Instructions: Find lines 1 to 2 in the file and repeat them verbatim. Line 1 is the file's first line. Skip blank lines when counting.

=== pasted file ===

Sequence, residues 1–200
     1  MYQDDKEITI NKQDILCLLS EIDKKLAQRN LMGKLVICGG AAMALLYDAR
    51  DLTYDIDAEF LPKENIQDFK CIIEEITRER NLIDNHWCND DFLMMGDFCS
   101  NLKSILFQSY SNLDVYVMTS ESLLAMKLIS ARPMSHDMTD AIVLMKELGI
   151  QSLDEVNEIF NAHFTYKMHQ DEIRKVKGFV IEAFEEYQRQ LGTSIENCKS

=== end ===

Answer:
Sequence, residues 1–200
     1  MYQDDKEITI NKQDILCLLS EIDKKLAQRN LMGKLVICGG AAMALLYDAR